One of the more ingenious techniques was innovated by a woman often considered the most convincing of mediums. Margery Crandon, the wife of a Boston surgeon, was a bright, refined, and likable woman who burgeoned into a celebrated medium. Having attracted the attention of some of the best minds in the city, she sought new ways to demonstrate the authenticity of spirit contact. A high point was a session in which the spirit of the deceased Walter not only appeared but also left his fingerprints. This was unusually hard evidence—until spirit sleuths discovered that Walter's prints were on file in a local dentist's office and could be easily stamped on various objects. Unlike most other mediums, Margery seemed to enjoy being investigated and did not appear to be in it for the money.
Automatic writing exemplified the higher road in attempted spirit communication. This is a dissociated state of consciousness in which a person's writing hand seems to be at the service of some unseen "Other." The writing comes at a rapid tempo and looks as though written by a different hand. Many of the early occurrences were unexpected and therefore surprised the writer. It was soon conjectured that these were messages from the dead, and automatic writing then passed into the repertoire of professional mediums. The writings ranged from personal letters to full-length books. A century later, the spirits of Chopin and other great composers dictated new compositions to Rosemary Brown, a Londoner with limited skills at the piano. The unkind verdict was that death had taken the luster off their genius. The writings provided the basis for a new wave of investigations and experiments into the possibility of authentic communication with the dead. Some examples convinced some people; others dismissed automatic writing as an interesting but nonevidential dissociative activity in which, literally, the left hand did not know what the right hand was doing.
The cross-correspondence approach was stimulated by automatic writing but led to more complex and intensive investigations. The most advanced type of cross-correspondence is one in which the message is incomplete until two or more minds have worked together without ordinary means of communication—and in which the message itself could not have been formulated through ordinary means of information exchange. One of the most interesting cross-correspondence sequences involved Frederick W. H. Myers, a noted scholar who had made systematic efforts to investigate the authenticity of communication with the dead. Apparently he continued these efforts after his death by sending highly specific but fragmentary messages that could not be completed until the recipients did their own scholarly research. Myers also responded to questions with the knowledge and wit for which he had been admired during his life. Attempts have been made to explain cross-correspondences in terms of telepathy among the living and to dismiss the phenomena altogether as random and overinterpreted. A computerized analysis of cross-correspondences might at least make it possible to gain a better perspective on the phenomena.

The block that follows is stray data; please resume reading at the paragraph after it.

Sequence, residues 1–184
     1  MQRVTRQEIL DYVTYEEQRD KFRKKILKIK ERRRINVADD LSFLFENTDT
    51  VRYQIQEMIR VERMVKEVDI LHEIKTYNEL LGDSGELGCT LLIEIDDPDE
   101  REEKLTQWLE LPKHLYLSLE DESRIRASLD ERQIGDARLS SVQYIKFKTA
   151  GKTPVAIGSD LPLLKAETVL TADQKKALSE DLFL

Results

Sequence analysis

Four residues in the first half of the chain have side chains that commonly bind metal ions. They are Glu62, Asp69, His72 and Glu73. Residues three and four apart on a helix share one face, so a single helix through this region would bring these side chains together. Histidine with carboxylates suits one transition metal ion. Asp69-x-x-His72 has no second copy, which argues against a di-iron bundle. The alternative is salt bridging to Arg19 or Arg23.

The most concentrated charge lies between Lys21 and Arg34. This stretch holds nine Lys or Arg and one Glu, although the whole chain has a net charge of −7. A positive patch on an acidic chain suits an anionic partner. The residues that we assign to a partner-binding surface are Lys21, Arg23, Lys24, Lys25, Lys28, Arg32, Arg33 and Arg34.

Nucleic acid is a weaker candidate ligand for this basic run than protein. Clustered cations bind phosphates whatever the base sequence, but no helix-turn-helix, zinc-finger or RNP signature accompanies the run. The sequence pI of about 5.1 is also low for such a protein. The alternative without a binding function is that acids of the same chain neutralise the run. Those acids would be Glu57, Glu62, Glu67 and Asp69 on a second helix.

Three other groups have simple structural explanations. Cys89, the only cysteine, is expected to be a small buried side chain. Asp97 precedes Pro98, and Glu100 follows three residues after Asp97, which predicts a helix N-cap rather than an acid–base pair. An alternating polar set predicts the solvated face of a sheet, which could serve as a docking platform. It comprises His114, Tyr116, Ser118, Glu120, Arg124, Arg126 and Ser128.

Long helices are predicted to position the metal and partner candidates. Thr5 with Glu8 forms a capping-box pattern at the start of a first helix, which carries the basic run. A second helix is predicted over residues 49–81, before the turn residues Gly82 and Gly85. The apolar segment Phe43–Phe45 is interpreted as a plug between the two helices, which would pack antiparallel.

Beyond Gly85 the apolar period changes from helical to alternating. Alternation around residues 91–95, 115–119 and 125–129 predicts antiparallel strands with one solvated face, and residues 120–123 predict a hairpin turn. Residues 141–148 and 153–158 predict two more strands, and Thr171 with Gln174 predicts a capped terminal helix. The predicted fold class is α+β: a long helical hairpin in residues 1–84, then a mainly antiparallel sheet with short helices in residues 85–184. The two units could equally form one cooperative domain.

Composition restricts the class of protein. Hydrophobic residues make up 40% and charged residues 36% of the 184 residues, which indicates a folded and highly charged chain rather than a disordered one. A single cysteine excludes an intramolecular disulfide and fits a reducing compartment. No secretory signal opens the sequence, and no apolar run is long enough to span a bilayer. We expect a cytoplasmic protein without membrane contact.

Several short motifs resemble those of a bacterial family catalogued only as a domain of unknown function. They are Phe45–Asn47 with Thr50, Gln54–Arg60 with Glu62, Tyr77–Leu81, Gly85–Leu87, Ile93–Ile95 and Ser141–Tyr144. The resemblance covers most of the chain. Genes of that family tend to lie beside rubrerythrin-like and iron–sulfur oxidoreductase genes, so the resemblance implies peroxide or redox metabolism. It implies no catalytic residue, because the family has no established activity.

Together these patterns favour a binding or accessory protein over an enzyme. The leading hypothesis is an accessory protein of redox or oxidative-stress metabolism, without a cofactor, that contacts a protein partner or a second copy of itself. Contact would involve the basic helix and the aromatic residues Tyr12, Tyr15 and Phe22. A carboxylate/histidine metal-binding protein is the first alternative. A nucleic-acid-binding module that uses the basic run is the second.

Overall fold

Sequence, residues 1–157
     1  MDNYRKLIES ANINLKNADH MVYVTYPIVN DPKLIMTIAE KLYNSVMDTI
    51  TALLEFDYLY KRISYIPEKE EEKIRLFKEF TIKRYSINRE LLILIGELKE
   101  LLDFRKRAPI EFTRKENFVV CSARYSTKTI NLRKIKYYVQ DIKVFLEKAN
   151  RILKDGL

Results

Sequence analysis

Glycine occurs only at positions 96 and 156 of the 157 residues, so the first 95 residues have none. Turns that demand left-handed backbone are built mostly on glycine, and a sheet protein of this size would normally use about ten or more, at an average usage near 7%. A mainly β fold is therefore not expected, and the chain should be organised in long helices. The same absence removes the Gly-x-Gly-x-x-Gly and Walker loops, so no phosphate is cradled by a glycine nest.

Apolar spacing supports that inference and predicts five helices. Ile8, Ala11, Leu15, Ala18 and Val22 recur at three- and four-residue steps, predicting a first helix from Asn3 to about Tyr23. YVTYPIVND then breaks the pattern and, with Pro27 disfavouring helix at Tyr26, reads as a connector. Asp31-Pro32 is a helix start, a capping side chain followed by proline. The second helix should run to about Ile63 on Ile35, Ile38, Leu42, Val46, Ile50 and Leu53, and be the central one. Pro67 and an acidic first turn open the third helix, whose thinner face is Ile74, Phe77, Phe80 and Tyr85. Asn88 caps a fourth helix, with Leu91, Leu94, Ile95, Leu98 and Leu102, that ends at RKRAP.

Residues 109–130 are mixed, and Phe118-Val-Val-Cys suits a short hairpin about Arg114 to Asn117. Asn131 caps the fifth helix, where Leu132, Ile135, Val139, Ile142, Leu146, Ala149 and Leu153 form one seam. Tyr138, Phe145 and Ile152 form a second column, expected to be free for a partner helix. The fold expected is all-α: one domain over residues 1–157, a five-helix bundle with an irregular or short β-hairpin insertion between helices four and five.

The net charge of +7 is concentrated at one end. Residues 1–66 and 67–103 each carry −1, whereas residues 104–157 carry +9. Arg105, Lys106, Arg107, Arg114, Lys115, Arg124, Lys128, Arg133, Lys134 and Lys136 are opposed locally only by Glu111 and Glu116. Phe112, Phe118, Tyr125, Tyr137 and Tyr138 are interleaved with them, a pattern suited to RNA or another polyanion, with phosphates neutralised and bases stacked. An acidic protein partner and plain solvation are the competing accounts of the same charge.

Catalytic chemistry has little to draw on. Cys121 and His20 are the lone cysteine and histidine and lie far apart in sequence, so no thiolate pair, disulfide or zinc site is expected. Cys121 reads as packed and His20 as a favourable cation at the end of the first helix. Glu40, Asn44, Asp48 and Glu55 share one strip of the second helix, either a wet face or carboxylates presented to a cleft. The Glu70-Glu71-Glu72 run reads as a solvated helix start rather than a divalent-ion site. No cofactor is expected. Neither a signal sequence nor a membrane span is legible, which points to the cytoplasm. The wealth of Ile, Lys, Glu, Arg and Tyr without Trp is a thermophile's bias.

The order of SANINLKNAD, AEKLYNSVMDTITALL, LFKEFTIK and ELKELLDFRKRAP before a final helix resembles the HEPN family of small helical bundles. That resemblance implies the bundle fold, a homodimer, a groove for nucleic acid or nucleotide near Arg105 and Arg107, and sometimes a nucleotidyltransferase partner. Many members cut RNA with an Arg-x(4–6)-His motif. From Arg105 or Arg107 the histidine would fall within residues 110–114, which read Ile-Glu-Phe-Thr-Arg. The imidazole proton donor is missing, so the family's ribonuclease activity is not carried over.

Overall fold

The Decline of Spiritism
The heyday of Spiritism and mediums left much wreckage and a heritage of distrust. It was difficult to escape the conclusion that many people had such a desire to believe that they suspended their ordinary good judgment. A striking example occurred when Kate Fox, in her old age, not only announced herself to have been a fraud but also demonstrated her repertoire of spirit rappings and knockings to a sold-out audience in New York City. The audience relished the performance but remained convinced that Mr. Splitfoot was the real thing. Mediumship, having declined considerably, was back in business after World War I as families grieved for lost fathers, sons, and brothers. The intensified need for communication brought forth the service.
Another revival occurred when mediums, again out of fashion, were replaced by channelers. The process through which messages are conveyed and other associated phenomena have much in common with traditional Spiritism. The most striking difference is the case of past life regression in which it is the individual's own dead selves who communicate. The case of Bridey Murphy aroused widespread interest in past-life regression and channeling. Investigation of the claims for Murphy and some other cases have resulted in strong arguments against their validity.